Ozark Woodcarving

by Joshua Heston

Few things are emotionally warmer, or more connected to the elemental parts of our past, than the act of carving beautiful art from wood. From exquisitely carved mantels to “hillbilly” caricatures, wood carvings seem to evoke the spirit of these hills.

Bill Butterfield’s work Buffalo Bill. Silver Dollar City, April 18, 2008.

Human realistic style begins as a full-bark log that is then chainsawed down to a rough cut, then carved with great detail.

Relief carving by Harley Schmitgen, Silver Dollar City, April 18, 2008.

Relief style, so-called as the medium is carved on the front only, is a form that allows for extraordinary detail. The piece above, by master carver Harley Schmitgen, is of a mountain man. Landscape pieces utilize relief carving methods as well.

Caricature carving by Harold Enlow of Harrison, Arkansas. Silver Dollar City, April 18, 2008.

There is something about caricature carving that seems truly unique to the Ozarks. As Shirley Garner of Valley Road Woodcarvers Shop notes, “Our caricature classes fill up faster than the others. I think it’s because you can be versatile and because the artists can put something of themselves into the work if they want to. It’s very popular in the Ozarks.”

Bark carving detail by Rick Jensen of Wisconsin. Silver Dollar City, April 18, 2008.

Bark carving traditionally uses cottonwood. Interestingly enough, the trees are not cut down. Rather, the thick bark is gathered and then carved. Popular designs range from mysterious spirit faces to whimsical “bark houses.” The results may be as plain or as elegant as the carver wishes.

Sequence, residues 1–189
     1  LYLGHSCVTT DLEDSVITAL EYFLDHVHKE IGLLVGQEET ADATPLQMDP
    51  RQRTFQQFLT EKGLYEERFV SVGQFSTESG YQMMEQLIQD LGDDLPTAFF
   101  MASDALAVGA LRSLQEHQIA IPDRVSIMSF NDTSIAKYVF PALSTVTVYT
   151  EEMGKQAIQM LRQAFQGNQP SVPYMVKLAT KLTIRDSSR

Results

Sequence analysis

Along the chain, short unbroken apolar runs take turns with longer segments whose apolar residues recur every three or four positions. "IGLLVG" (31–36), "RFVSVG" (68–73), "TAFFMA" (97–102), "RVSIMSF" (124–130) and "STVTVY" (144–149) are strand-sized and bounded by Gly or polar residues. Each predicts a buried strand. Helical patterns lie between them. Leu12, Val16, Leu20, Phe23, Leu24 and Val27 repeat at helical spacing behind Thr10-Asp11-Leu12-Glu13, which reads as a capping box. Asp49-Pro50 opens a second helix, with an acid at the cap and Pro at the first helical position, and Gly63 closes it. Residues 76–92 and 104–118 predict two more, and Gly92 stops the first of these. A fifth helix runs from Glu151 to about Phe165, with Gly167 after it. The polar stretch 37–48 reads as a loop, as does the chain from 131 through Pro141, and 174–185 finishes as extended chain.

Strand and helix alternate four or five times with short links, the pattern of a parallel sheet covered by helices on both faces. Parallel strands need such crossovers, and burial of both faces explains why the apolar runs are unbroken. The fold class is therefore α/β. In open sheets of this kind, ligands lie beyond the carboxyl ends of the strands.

Wood burning detail by Barbara Smith. Silver Dollar City, April 18, 2008.

Wood burning is a beautiful art tradition closely dovetailed with woodcarving. The style indicated above, created by guest carver Barbara Smith, is regularly taught by Paula Bebout In addition to the wood burning itself, washes and finishes are often applied to the piece.

European chip-carving detail by Pam Gresham, resident carver. This European chip carving example is an unfinished Bible box top. Gresham uses a special chip-carving knife she has made. Silver Dollar City, April 18, 2008.

The dominant form of chip carving is referred to as peasant style. Originally done by European peasants, the artform uses a single paring knife to create exquisitely intricate patterns in a variety of woods.

Jim Willis’ squirrel balancing with an acorn in his mouth displays the intricacies of realistic carving. Silver Dollar City, April 18, 2008.

Realistic animal carving depends on power tools. The results are astounding. The work above is created by master carver, Jim Willis of Kansas City.

Many thanks to the Valley Road Woodcarvers Shop, Shirley Garner and Pam Gresham. Their assistance in developing this section of State of the Ozarks has been invaluable.

April 18, 2008

Photo credits: J. Heston, April 18, 2008.